Weed of the Month: Bindweeds (Calystegia and Convolvulus spp.)
Bindweeds—also known as morning glories—are a group of perennial twining vines that support themselves by binding to other plants. Because of this, it is easy to mistakenly think the flower belongs to the supporting plant. There are hundreds of varieties, many of which are well-behaved ornamental cultivars; two that are problematic are hedge bindweed (Calystegia sepium) and field bindweed (Convolvulus arvensis). Leaves of both are arrow-shaped and alternate, 5-10 cm (2-4 in) long for hedge and 2-5 cm (3/4 – 2 in) long for field bindweed. The flowers are typically white to pink in both bindweeds, 5-8 cm (2-3 inches) in diameter for hedge and 1-2.5 cm (.5-1 in) for field bindweed, and are composed of 5 petals that are united to form a funnel-shaped corolla. Bindweed blooms from May through August.
Both bindweeds seed quite prolifically (up to 500 seeds/plant), and seeds are long-lived (20-30 years) in soil. The extensive root system will readily send up new shoots if disturbed, and root fragments can also re-sprout after removal if left in contact with soil. Once established, bindweeds are very difficult to remove.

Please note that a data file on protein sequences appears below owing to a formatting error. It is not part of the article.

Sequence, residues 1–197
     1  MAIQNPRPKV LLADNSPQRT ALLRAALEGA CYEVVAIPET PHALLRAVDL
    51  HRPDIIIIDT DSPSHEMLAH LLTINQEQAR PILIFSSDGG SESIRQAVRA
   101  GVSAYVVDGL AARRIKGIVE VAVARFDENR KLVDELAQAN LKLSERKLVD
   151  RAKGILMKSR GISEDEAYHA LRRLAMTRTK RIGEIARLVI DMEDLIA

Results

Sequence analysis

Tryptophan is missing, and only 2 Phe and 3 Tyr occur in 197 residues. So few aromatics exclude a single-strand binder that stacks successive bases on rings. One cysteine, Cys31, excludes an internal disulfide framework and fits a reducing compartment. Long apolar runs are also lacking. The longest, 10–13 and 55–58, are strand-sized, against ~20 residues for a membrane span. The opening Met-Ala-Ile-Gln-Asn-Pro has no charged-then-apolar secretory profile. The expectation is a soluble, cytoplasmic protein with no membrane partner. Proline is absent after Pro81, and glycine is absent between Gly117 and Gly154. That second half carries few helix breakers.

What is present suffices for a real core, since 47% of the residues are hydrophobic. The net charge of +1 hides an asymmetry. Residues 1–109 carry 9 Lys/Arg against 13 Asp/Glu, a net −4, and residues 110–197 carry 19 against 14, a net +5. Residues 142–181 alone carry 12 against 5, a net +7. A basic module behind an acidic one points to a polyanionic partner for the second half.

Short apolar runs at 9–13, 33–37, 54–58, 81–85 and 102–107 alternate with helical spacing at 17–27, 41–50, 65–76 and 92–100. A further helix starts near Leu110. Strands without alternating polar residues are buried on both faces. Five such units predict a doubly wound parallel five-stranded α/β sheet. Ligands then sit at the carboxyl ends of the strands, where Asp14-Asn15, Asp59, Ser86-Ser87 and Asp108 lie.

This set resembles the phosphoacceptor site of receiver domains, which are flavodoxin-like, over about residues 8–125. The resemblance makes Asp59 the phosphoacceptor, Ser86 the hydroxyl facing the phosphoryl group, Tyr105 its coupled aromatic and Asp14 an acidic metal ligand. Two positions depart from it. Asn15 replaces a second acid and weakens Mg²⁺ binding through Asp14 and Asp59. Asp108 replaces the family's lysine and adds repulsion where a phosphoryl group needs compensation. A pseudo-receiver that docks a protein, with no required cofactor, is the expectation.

Organic control of field bindweed is not easy, and it cannot be accomplished with a single treatment or in a single season. Effective control requires prevention of seed production, reduction of stored carbohydrates by deep tillage of the root system, competition for light from other plants, and constant vigilance in removing top growth.
Hairy honeysuckle (Lonicera hispidula) produces showy, pink trumpet-shaped flowers, and will grow in the open, sunny locales favored by bindweeds.